This article was published on: 05/15/23 1:49 PM
We recently had the opportunity to participate in a tour organized by PGE (Portland General Electric), the Tribes Pelton-Round Butte Fish Committee and the Deschutes Land Trust to witness the restoration projects in the Trout Creek watershed. The tour took us through PGE’s Trout Creek Ranch (a few miles up from the mouth of Trout Creek) and Deschutes Land Trust’s Priday Ranch (near Willowdale), where we observed the positive changes that have occurred. Representatives from various organizations, including PGE, DLT (Deschutes Land Trust), DRC (Deschutes River Conservancy), Native Fish Society, Trout Unlimited, The Freshwater Trust, USFWS (U.S. Fish and Wildlife Service), ODFW (Oregon Department of Fish and Wildlife), Jefferson SWCD (Soil and Water Conservation District), joined us on this journey dedicated to preserving and restoring this valuable ecosystem.
Restoration of In-Stream Habitat and Stream Morphology:
During our tour, we were impressed by the efforts made to restore the in-stream habitat and stream morphology within the Trout Creek watershed. Through careful planning and collaboration, significant improvements have been achieved, providing a more favorable environment for a diverse range of aquatic species. These restoration projects aim to enhance the health and functionality of Trout Creek, benefiting both fish and other aquatic organisms.
The Return of the Beavers:
One notable indication of the restoration’s success is the re-colonization of beavers in the area, particularly on Antelope Creek, an important tributary to Trout Creek. The presence of these industrious animals indicates improved stream connectivity and the establishment of suitable habitats. Witnessing the return of beavers was a positive sign of the restoration initiatives’ effectiveness and their ability to support natural ecosystems.
Enhancing Streamflows for Steelhead:
Another crucial aspect of the restoration efforts in the Trout Creek watershed focuses on improving streamflows to support steelhead populations. Steelhead rely on Trout Creek for spawning and rearing. PGE has permanently transferred 2.57 cfs instream from their ranch. Collaborative work between DRC and local landowners aims to further enhance streamflows, ensuring optimal conditions for these remarkable fish. The restoration initiatives strive to preserve the creek’s complicated natural flow patterns, promoting the long-term recovery and sustainability of steelhead populations.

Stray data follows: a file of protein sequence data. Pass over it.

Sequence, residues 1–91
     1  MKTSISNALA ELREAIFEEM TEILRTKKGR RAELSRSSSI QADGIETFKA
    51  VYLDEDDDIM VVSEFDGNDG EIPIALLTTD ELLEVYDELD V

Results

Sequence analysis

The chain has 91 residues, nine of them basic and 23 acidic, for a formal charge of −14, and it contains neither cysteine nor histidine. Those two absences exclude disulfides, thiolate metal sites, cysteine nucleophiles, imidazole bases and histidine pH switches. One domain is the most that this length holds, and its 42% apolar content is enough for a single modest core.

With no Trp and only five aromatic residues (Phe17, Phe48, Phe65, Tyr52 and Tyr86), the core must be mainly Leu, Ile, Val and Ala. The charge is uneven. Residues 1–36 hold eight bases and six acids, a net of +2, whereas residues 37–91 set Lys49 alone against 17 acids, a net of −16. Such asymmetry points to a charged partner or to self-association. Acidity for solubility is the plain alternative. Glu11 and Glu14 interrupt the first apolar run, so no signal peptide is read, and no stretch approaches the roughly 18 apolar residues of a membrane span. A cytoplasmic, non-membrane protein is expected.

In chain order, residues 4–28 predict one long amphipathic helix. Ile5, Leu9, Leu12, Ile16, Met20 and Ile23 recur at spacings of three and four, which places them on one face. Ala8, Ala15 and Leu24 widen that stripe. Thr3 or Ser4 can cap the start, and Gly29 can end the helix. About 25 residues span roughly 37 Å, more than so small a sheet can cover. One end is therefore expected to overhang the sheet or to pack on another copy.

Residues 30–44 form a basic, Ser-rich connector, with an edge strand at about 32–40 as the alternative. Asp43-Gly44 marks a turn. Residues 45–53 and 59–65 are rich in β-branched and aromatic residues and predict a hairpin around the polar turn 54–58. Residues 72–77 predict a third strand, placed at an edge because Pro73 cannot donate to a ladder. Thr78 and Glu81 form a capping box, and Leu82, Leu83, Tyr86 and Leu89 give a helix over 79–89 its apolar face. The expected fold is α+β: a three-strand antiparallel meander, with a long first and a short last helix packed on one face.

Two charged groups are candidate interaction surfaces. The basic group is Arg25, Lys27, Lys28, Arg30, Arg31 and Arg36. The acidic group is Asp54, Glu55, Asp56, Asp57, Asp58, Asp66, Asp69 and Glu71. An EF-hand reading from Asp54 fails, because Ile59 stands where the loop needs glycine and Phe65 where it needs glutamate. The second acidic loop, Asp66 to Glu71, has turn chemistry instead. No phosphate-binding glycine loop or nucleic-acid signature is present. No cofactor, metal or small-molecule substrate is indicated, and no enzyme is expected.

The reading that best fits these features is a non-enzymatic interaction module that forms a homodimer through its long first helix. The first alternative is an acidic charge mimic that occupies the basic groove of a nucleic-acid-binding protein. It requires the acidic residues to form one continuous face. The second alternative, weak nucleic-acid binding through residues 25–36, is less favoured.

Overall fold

Discovering the Sabertooth Salmon:
During our expedition, we learned a fascinating fact that deepened our understanding of the Trout Creek watershed’s historical significance. Fossils of the sabertooth salmon, an ancient species, have been unearthed in this region. These impressive creatures, measuring up to 9 feet long, possessed two large horizontal teeth at the tip of their nose. Contrary to earlier beliefs, these teeth were determined to be oriented horizontally, similar to a warthog’s, rather than large downward-facing fangs. This discovery provided a captivating glimpse into the area’s past, highlighting the rich natural heritage of the Trout Creek watershed.
The tour through the Trout Creek watershed, made possible by PGE, the Tribes Pelton-Round Butte Fish Committee, DLT, and various dedicated organizations, offered a profound experience. Witnessing the tangible outcomes of the restoration projects, including the improved in-stream habitats, the return of beavers, and the ongoing efforts to enhance streamflows for steelhead, emphasized the importance of collaborative conservation efforts. Additionally, the discovery of sabertooth salmon fossils unveiled the watershed’s ancient history and the significance of preserving its natural wonders. The tour served as a reminder that through shared responsibility and dedicated action, we can protect and restore invaluable ecosystems like the Trout Creek watershed.